Ramat Beit Shemesh
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In my dealings with autism spectrum clients and studies, I have come across a technique called DIR/Floortime.
If you are reading this, then you are probably somewhat familiar with it, so I'm not going to review it too much, but I will demonstrate similarities between DIR/Floortime and some standard Animal Therapy practices.
The big challenge with ASD children is that they are often withdrawn.
ASD children spend their leisure time spend time playing with their toys and other objects to the exclusion of social interaction, so when we get down on the floor with them and enter their games with their toys, we are sort of shoe-horning our way into their world, which is a way to start conversation, and eventually, more appropriate relationship development. The child remains largely in control because after all the play exists entirely in his imagination. He writes the story.
What is fabulous about AAT, is it is similar to floor time where the toy is really an animal. This affords several advantages. One, is that the animal will engage emotionally with the child, but in a way that has virtually no chance of aggravating the child's ASD triggers. In fact, usually they will find it calming and warm up to the animal, but yet learn to recognise the animal's emotions and its connection to him. This develops empathy and love for the animal, which will spread to human relations.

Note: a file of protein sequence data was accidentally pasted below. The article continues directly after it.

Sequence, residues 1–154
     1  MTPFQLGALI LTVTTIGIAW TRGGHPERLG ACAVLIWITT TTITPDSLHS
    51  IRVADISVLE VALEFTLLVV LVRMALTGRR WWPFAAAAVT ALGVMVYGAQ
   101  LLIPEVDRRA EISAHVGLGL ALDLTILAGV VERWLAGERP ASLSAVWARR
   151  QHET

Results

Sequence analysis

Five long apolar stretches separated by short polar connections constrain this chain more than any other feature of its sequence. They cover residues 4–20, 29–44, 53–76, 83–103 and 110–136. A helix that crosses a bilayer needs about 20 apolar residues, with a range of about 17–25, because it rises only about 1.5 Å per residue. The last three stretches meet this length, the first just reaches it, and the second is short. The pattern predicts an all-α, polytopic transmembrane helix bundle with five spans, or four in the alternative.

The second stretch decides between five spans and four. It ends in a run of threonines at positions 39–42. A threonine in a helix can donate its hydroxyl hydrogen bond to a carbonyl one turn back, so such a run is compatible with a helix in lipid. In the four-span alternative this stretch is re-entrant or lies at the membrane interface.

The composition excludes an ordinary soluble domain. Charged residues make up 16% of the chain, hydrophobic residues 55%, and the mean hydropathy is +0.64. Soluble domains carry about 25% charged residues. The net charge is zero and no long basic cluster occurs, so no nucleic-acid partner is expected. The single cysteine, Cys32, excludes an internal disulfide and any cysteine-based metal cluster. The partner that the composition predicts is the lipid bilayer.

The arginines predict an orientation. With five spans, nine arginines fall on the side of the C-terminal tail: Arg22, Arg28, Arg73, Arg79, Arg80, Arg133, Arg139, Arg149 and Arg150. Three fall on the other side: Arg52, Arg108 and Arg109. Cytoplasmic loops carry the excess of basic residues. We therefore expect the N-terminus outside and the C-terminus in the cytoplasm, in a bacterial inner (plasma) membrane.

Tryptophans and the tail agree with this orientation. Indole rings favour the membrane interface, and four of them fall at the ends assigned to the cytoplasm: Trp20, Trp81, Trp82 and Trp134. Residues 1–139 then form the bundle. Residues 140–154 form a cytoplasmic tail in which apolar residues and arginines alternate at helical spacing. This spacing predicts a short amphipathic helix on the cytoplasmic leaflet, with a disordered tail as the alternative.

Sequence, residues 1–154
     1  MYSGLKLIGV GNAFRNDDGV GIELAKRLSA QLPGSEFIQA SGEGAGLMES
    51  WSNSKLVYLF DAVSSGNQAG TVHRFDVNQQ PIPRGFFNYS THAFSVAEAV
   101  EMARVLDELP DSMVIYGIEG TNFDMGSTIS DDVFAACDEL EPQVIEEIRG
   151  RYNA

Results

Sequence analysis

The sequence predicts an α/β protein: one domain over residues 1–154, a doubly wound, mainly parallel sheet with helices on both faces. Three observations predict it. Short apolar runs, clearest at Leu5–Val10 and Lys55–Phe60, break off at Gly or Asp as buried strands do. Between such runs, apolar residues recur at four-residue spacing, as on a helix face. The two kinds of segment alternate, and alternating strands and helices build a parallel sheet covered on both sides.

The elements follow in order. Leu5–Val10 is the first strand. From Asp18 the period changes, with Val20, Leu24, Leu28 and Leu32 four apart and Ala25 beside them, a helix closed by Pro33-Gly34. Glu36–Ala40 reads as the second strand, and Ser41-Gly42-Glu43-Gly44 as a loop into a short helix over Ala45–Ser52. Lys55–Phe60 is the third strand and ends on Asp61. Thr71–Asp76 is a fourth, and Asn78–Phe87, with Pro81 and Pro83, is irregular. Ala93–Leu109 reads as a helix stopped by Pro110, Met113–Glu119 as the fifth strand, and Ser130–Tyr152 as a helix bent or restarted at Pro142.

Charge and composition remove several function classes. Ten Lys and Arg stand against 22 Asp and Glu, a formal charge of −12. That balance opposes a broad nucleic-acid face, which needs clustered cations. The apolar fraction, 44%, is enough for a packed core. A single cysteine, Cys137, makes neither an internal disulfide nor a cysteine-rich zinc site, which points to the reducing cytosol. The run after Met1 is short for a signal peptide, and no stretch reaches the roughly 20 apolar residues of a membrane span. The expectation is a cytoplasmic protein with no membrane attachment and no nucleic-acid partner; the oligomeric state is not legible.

In some cases, the child will only communicate with an animal, some or all of the time.
Additionally, when the animal does something unexpected, when the facilitator and the child react in an identical way, the child notices this synergy and this will prompt communication/trust/identification with the facilitator. These unexpected events by the animal also forces the child to leave his bubble of imagination and stretch his experience to include real world events. They prepare the child for the real world, because the reality is that our days are filled with unexpected interruptions and distractions. This, in fact, is where many special needs children encounter difficulty.
An additional point I wish to note is that with three involved - the two people and the animal - a triangulation of relationships occurs, and takes some of the 1 on 1 intensity out of the session.
Animal Assisted Therapy, especially with dogs, has been incredibly successful in dealing with ASD, even in extreme cases, and even where nothing else helps.